Insurgency in Yemen: the new challenge to American counterterrorism strategy

Critical Threats Project

Article Highlights

  • Insurgency in #Yemen: The New Challenge to American Counterterrorism Strategy by @KatieZimmerman

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  • US programs aimed to help Yemen build counterterrorism forces will not suffice in the face of growing #AQAP threat

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  • Yemen’s military capabilities enhanced by American assistance programs weren't designed to counter an insurgency

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American strategy against al Qaeda in the Arabian Peninsula (AQAP) in Yemen relies on local Yemeni forces to defeat terrorists and the militias that support them. The challenge has historically been finding and eliminating AQAP leaders, since the group has held relatively isolated safe havens until recently. The advent of the Arab Spring and the subsequent contraction of the Yemeni state, however, allowed AQAP and a nascent insurgent arm, Ansar al Sharia, to expand their sanctuary in Yemen dramatically. They have even threatened Aden, Yemen’s second city, advanced toward Sana’a, and fought Yemen’s military to a draw. American assistance programs aimed at helping Yemen build and maintain counter-terrorism forces will not suffice in the face of a real and growing al Qaeda-affiliated insurgency.

Yemen’s military capabilities enhanced through American security assistance programs were not designed to counter an insurgency. In the wake of the Yemeni government’s crackdown on protests in 2011, in fact, the U.S. government suspended many forms of support even within that counter-terrorism assistance program that might have been used to suppress demonstrators. But defeating the insurgency will require regular Yemeni troops, not just elite counter-terrorism units. These regular troops do not have advanced training, nor are they well equipped. Ongoing political challenges in Sana’a, security challenges elsewhere in the country, and the steady collapse of Yemen’s economy and infrastructure will all compete for the attention of the government in Sana’a and hinder the prosecution of the counter-insurgency campaign in the south. If the assumption that Yemeni forces will be successful proves to be false, then America’s counter-terrorism strategy in Yemen fails. Amidst the many challenges facing American policy in Yemen today, we must now add the requirement to design a dramatically different approach to helping Yemenis fight the Islamist threat that also threatens the United States.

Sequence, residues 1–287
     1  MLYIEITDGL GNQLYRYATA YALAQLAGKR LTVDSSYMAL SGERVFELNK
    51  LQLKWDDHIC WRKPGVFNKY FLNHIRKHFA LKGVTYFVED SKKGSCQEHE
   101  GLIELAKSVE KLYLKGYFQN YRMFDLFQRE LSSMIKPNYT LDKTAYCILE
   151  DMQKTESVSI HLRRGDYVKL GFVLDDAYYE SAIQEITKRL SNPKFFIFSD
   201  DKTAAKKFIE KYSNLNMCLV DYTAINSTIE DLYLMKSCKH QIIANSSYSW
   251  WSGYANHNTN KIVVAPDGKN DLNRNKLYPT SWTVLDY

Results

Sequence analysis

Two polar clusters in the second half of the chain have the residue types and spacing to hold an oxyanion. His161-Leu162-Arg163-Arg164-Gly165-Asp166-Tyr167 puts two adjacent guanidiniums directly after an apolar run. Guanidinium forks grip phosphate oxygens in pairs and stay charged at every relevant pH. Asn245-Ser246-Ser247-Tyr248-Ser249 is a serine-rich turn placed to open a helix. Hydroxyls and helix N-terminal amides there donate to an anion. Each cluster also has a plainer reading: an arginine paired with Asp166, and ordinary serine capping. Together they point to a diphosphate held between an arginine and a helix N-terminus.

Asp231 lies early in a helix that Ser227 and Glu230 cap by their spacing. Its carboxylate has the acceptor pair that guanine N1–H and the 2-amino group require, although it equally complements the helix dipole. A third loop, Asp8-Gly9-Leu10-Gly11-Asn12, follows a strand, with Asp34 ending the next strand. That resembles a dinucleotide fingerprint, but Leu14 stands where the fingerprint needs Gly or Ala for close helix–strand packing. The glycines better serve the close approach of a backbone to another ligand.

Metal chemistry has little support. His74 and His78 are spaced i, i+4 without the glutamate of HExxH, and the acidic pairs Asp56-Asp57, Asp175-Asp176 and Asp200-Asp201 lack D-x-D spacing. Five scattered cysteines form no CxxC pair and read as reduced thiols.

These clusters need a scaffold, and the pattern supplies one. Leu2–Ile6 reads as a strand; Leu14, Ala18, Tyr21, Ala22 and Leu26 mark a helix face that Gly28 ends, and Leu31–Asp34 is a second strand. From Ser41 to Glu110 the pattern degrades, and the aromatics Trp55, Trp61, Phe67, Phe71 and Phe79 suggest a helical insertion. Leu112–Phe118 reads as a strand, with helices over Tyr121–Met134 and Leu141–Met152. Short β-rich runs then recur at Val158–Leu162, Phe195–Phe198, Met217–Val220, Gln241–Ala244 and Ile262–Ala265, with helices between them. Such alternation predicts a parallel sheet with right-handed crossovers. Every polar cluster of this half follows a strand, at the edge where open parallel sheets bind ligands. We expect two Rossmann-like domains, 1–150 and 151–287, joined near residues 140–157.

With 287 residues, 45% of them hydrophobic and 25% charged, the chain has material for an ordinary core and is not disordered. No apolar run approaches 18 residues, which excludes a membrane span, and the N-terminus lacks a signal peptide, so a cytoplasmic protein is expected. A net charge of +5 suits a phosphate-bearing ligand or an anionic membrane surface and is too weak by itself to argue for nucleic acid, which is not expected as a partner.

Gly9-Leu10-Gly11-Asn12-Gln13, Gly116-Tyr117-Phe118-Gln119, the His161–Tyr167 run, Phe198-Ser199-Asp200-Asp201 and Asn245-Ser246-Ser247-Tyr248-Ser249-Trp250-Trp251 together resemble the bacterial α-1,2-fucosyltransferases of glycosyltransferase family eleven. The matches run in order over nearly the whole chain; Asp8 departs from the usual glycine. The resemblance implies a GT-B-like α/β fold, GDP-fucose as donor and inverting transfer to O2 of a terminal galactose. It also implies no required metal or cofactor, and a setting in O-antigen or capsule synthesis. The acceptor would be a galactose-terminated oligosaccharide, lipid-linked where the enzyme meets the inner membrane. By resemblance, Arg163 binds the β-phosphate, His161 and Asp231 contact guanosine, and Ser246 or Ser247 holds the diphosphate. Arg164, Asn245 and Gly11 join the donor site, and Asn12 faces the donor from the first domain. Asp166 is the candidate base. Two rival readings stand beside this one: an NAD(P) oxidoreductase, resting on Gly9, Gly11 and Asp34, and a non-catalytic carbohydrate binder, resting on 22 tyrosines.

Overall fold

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About the Author

 

Katherine
Zimmerman

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